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Watchdogs clamp down on bogus stem cell clinics

PA Consulting’s cell & gene therapy experts, Benjamin Solaski and Paolo Siciliano, are quoted in an article about the regulation of stem cell-based therapies amid rising concerns about unscrupulous cell therapy clinic operators.

The article reports that the number of stem cell clinics in the US rose from two in 2009 to about 700 by 2017, and desperate patients who are not covered by insurers or national health reimbursement schemes are spending vast sums on unproven treatments. This has highlighted the need for tighter regulation; regulators need to protect vulnerable patients whilst also continuing to encourage innovation in cell and gene therapy.

It goes on to discuss how as part of a $1bn initiative to promote regenerative medicine, in Japan, two laws passed in 2014 to allow companies to market certain stem cell-based therapies without passing through conventional clinical review processes.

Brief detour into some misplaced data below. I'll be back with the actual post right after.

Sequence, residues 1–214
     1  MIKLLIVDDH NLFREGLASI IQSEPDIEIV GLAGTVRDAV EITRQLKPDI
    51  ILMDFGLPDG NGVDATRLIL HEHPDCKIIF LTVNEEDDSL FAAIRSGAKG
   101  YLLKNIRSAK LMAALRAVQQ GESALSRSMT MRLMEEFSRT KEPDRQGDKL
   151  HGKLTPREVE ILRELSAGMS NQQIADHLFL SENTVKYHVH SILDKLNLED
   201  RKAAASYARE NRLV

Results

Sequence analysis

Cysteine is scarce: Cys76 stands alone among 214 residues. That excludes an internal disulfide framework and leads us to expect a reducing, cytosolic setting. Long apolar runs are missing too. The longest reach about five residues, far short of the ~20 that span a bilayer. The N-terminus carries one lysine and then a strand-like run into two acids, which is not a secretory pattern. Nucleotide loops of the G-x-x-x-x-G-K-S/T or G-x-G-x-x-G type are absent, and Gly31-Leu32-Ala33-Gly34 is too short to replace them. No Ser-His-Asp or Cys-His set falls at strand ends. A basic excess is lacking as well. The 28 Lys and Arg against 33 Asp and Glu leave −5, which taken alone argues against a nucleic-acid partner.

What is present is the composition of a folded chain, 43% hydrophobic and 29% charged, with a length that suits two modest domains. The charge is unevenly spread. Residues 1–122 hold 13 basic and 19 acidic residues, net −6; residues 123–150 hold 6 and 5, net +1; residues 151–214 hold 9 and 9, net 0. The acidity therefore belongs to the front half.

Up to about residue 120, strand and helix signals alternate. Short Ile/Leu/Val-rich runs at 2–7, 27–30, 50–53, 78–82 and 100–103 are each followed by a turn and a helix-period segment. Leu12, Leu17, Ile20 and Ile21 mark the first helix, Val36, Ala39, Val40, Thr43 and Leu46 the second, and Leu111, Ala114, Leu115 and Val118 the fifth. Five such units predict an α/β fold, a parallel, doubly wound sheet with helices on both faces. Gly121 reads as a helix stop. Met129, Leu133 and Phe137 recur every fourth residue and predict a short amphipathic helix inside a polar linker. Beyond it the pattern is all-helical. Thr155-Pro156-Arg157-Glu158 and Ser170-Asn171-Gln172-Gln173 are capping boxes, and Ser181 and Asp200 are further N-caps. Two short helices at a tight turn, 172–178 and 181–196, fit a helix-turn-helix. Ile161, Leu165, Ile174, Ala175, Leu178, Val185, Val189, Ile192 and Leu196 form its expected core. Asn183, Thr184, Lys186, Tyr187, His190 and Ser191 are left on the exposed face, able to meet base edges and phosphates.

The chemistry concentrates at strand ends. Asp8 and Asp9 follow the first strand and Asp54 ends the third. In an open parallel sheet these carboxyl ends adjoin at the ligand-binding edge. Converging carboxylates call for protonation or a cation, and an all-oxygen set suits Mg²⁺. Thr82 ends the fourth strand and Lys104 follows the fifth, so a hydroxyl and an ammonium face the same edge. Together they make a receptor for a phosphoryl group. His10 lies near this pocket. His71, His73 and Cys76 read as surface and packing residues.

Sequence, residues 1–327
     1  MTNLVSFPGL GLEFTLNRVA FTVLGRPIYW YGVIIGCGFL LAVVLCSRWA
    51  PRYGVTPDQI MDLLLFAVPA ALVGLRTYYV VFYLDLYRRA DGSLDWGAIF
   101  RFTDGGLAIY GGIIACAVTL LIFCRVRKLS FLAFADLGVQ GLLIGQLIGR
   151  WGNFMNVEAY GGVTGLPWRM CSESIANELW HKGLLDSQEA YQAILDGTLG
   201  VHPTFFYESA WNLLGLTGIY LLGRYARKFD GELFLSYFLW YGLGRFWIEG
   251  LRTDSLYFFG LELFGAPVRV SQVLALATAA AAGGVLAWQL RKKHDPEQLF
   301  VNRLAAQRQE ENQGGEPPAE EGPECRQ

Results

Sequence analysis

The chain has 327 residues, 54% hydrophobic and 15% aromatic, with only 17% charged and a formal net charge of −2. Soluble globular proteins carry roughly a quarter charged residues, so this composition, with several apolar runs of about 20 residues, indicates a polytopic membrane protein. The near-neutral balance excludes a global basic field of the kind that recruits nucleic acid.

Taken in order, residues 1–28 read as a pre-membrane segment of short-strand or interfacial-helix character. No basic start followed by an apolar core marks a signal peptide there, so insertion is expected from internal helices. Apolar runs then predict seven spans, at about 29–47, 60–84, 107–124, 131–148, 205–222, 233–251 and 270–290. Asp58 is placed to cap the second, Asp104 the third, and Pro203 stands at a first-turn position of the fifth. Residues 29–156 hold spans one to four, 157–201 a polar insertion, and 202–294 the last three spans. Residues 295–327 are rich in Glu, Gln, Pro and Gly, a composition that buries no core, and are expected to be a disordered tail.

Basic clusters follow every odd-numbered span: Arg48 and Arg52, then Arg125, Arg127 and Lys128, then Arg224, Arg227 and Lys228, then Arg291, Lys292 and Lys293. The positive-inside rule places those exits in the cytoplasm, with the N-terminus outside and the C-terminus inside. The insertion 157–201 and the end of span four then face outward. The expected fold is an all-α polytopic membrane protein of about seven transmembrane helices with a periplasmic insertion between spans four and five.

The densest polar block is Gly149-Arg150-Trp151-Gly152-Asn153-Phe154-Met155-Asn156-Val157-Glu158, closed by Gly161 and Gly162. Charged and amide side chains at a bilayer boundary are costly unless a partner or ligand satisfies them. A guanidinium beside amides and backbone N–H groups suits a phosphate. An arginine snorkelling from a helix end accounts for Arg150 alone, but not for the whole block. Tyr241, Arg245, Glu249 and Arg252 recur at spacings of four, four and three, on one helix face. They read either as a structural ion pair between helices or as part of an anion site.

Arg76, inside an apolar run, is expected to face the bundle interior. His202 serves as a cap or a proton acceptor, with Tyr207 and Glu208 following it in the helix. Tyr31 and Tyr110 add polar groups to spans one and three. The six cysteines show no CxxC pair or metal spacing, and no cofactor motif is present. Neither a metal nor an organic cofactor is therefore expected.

While the measures were intended to bring a degree of oversight to a market that was filling up with rogue clinics, Benjamin says they may put patients at risk: “Broad claims are being made about curing cardiovascular or liver disease through intravenous cell therapy, but there’s no evidence to support these claims,”

The article goes on to cite concerns that countries may start competing to deregulate cell therapy. Japan’s 2014 reforms, for instance, were a response to earlier measures in South Korea that sought to speed up the route to market.

Paolo says a race to deregulate could create a new and dangerous medical tourism market. “We need to avoid a regulatory framework that is too different globally,” he observes.

Read the full article in the Financial Times

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